Obesity impacts one in three Americans. It is estimated that more than 93 million Americans are affected by obesity, with that number predicted to rise to 120 million in the next five years. Within this population, it is estimated that 8-10 million Americans are affected by severe obesity – a disease characterized by an individual being 100 pounds or more over their ideal body weight.
As any individual affected by obesity knows, obesity is a complex chronic disease. It is not simply a condition caused by overeating. Individuals affected often experience a wide variety of other obesity-related conditions including diabetes, high cholesterol, high blood pressure, heart disease, sleep apnea and cancer, which are serious medical risks. Adding to the challenge, individuals affected are often denied access to needed medical treatment (medical weight management and/or bariatric surgery) as some payors (insurance companies, etc.) and employers do not recognize obesity as a disease.
The OAC encourages individuals affected by obesity to educate themselves about obesity, its complications and treatments. We believe that educated individuals are best able to make decisions about their health care, and therefore are able to be healthier and happier.
We also encourage patients to support one another. There is no one better to share the social, emotional, physical and medical impact of obesity than someone who has been personally affected.
And finally, in addition to educating themselves and supporting others, the OAC encourages individuals to become advocates for change. You can impact how others view obesity and influence decision makers. Help us to eliminate the weight bias associated with this disease and make sure that obesity is treated as a disease, allowing for increased access to safe and effective medical treatment.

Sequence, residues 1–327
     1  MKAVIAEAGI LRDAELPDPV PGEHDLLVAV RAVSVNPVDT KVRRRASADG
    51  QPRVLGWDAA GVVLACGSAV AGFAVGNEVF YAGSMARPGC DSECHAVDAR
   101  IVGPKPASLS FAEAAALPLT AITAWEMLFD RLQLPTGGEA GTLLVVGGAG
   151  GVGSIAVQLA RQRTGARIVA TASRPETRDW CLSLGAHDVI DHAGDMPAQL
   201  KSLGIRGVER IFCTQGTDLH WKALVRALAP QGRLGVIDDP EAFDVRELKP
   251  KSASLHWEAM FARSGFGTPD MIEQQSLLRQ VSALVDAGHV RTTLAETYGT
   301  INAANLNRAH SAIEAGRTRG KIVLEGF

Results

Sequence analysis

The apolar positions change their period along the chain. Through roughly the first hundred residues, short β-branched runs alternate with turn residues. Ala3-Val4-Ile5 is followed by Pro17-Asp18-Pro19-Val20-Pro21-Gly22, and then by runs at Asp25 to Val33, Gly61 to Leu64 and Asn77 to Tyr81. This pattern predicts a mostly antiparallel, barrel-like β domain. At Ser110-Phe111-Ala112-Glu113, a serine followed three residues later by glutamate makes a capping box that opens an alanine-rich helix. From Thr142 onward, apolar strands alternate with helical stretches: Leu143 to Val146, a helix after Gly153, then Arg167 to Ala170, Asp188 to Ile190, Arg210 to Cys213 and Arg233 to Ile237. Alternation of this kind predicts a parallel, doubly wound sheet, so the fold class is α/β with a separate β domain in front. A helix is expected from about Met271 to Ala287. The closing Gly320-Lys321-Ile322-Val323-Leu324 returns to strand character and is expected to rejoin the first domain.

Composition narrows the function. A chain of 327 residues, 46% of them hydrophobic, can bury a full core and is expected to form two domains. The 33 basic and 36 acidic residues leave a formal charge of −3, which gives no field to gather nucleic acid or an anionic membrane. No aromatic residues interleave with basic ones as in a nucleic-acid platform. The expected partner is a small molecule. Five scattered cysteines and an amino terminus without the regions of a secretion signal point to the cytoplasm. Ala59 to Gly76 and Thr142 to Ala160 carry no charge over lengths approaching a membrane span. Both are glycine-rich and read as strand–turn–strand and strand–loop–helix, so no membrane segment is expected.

Here is a list of ways you can educate, support and advocate for individuals affected by obesity:
Elected United States officials at the local, state and federal level play a significant role in our society and healthcare. Often, the laws they create directly influence our day-to-day lives or regulate the medical treatments we receive. However, the majority of legislators know little about obesity, its effects and treatments.
As an American, it is your right to build a relationship with your elected officials and to advocate for positive change. It is through the voice of individuals affected by obesity, family members and medical professionals that legislators learn how current, pending and future laws impact Americans. The OAC encourages you to reach out to your legislators.